Written on October 10, 2014 – 7:00 am | by Derek de Gannes

    Do you ever wonder why things are the way they are? Someone does and that someone recently asked the Canada Revenue Agency why inheritances are not taxable.

    Although the questioner was told by his or her accountants that inheritances are not taxable in Canada, they asked the Canada Revenue Agency (CRA) to reply with details of the specific legislation that carves out inheritances. In their response the CRA confirmed that the Income Tax Act does not contain any provision stating that inheritances are not taxable. However, the CRA did confirm their general position as set out in in paragraph 4 of Interpretation Bulletin IT-334R2, Miscellaneous Receipts, that is, recipients do not have to pay tax on most gifts and inheritances, also known as voluntary transfers of real or personal property without consideration.

    You should know that like transfers in other jurisdictions are not tax-free. Another example of how much there is to be thankful for in Canada.

    Happy Thanksgiving and thanks for reading.

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      SEPARATED COMMON LAW SPOUSES DON’T BENEFIT FROM ROLLOVERS – THE SEQUEL


      Written on October 9, 2014 – 8:30 am | by Corina Weigl

      In my last blog, Who Knew There is a Benefit to Having Two Spouses, I spoke of the ability to benefit from a rollover for income tax purposes in respect of property that passes to two different individuals, each of whom qualifies as the spouse or common-law partner of the deceased taxpayer. Subsequent to that blog I received several responses from readers providing me with additional food for thought on this topic.

      Spouse is not defined in the Income Tax Act but is taken to mean married. Common-law partner is defined in ss. 248(1) of the Income Tax Act. Unless otherwise specified, spouse entitlement remains, even if separated, as long as the spouses are not divorced. But for the common-law partner, being separated can be significant when it comes to rollovers.

      One reader, a senior practitioner within a financial institution, noted for common law partners, being separated will result in the lack of any rollover in circumstances where a rollover might still have been available to a separated but not divorced spouse.

      When spouses or common law partners are engaging in property transfers to settle their property rights as a result of relationship breakdown, in the event one of them dies before this is completed, the breakdown rollover will not be available. Specifically, Canada Revenue Agency has commented that the breakdown rollover is only available where the annuitant transferee and the spouse/partner transferor are living. See Technical Interpretations 2011-0418821E5.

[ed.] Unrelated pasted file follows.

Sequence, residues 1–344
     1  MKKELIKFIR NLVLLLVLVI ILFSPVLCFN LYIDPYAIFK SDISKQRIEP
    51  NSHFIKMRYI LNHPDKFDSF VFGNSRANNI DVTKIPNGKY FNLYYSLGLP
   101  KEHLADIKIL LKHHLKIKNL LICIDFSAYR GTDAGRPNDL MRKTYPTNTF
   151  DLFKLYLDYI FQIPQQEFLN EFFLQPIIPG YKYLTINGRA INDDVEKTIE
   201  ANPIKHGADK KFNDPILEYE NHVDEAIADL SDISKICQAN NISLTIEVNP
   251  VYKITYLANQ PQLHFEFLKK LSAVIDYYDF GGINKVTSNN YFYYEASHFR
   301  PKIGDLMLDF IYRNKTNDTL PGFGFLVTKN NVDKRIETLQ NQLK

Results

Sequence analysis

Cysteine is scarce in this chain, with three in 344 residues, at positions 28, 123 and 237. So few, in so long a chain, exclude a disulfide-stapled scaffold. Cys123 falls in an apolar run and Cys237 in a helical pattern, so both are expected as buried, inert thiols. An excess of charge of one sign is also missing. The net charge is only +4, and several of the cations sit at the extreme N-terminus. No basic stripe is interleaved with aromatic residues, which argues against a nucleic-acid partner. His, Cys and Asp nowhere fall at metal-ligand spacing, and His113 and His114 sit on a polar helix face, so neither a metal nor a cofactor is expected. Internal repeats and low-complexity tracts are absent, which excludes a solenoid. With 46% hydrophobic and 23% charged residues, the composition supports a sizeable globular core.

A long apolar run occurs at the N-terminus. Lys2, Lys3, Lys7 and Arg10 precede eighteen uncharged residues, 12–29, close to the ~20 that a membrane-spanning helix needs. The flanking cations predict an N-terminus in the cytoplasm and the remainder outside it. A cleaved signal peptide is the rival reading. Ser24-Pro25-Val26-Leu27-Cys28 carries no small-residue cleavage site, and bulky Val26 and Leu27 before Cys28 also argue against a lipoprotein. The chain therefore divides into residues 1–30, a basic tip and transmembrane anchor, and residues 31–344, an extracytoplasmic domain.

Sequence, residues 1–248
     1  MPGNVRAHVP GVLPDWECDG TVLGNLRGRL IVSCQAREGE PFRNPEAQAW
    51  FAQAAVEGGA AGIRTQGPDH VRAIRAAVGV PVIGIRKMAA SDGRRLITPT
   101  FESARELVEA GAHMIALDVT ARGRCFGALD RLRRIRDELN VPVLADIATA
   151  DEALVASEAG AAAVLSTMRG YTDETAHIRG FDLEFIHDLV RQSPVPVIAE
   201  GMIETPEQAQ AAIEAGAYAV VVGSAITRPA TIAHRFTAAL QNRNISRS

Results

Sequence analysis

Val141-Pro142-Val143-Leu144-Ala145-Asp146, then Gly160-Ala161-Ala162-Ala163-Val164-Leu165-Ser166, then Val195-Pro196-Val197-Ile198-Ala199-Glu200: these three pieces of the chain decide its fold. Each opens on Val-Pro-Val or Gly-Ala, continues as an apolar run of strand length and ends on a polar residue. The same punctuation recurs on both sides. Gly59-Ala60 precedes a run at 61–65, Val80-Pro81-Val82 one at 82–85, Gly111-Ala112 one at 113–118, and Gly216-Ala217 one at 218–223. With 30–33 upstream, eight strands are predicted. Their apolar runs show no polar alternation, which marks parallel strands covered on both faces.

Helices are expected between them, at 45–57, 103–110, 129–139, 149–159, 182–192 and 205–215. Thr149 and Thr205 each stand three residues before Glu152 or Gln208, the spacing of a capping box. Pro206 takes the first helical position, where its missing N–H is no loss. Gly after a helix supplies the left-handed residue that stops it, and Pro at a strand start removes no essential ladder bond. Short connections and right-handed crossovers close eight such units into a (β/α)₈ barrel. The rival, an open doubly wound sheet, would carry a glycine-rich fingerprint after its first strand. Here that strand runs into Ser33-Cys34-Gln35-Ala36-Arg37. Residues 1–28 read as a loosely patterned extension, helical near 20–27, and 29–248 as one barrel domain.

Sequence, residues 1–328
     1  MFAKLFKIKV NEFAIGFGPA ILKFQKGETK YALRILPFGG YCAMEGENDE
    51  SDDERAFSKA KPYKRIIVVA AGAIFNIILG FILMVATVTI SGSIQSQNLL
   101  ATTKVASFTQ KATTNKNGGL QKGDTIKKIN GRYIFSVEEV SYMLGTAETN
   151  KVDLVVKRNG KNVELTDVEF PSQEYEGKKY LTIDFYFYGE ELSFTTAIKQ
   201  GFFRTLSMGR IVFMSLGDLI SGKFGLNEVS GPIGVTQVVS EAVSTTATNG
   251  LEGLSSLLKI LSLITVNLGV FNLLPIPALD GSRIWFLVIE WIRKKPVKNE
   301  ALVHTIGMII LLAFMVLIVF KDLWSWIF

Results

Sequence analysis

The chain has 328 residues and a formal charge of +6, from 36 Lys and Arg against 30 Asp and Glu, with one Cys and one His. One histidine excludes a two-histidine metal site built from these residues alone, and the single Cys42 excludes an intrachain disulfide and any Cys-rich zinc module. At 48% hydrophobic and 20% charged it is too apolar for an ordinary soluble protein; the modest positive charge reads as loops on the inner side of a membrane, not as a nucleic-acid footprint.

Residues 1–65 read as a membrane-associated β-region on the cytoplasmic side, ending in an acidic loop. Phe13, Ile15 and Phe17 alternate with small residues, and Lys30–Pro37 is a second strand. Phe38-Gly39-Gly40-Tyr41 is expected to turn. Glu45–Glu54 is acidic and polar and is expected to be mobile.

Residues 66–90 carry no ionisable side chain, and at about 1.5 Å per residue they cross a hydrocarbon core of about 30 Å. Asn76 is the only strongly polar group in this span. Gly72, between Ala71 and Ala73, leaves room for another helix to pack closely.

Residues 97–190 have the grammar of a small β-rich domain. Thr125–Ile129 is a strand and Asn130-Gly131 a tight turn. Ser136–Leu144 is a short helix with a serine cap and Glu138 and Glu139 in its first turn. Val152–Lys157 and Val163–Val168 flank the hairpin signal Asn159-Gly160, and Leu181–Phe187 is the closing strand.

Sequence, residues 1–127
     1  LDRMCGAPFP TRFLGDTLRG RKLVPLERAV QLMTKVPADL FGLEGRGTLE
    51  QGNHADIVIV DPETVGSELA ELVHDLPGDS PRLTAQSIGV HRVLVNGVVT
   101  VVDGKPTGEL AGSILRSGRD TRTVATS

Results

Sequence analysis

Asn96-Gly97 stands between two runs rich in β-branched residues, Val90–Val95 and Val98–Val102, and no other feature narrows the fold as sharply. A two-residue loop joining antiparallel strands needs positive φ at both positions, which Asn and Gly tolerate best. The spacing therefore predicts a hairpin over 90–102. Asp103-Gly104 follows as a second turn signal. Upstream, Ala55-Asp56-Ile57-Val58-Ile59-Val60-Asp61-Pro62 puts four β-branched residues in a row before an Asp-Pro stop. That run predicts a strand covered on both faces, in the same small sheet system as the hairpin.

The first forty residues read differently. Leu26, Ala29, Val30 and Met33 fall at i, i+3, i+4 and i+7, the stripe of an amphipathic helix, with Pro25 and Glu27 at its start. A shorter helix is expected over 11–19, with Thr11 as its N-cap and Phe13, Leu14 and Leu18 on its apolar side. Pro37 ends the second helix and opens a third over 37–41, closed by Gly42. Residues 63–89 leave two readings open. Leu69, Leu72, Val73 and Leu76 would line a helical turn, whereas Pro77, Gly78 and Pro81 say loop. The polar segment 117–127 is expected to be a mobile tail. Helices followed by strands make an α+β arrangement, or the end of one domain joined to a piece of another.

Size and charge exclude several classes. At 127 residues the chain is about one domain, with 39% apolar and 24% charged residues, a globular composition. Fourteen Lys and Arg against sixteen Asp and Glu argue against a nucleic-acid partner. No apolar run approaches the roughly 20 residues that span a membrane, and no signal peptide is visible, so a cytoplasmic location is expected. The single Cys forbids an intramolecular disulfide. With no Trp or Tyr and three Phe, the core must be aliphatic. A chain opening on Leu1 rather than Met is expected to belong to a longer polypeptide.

However, a surviving married spouse can receive property under the death rollover, even if they were separated from their deceased spouse. For spouses, if the breakdown rollover was intended but not completed before death of one of the spouses, it might be possible to still utilize the death rollover. This is not the case for common law partners. Where two common law partners have separated, their relationship will have ended such that they no longer qualify as common law partners under the Income Tax Act when one of them dies. As a result, the death rollover is not available for a transfer of property to an individual who was a common law partner but was separated from the deceased taxpayer before death.

      The upshot is that in the event of relationship breakdown among common law partners, it is important that property settlements occur quickly if the tax treatment of the rollover is an important component of the agreement. The unexpected death of one of spouses or partners before the transfer from one plan to the other occurs, means the financial institution cannot process a transfer of a registered plan to a surviving spouse or partner on a breakdown rollover basis. And for separated common-law partner survivors, the deceased’s estate cannot use the death rollover because the separated surviving partner does not qualify for it. So the surviving separated common-law partner can access neither the breakdown nor the death rollover.

      Corina Weigl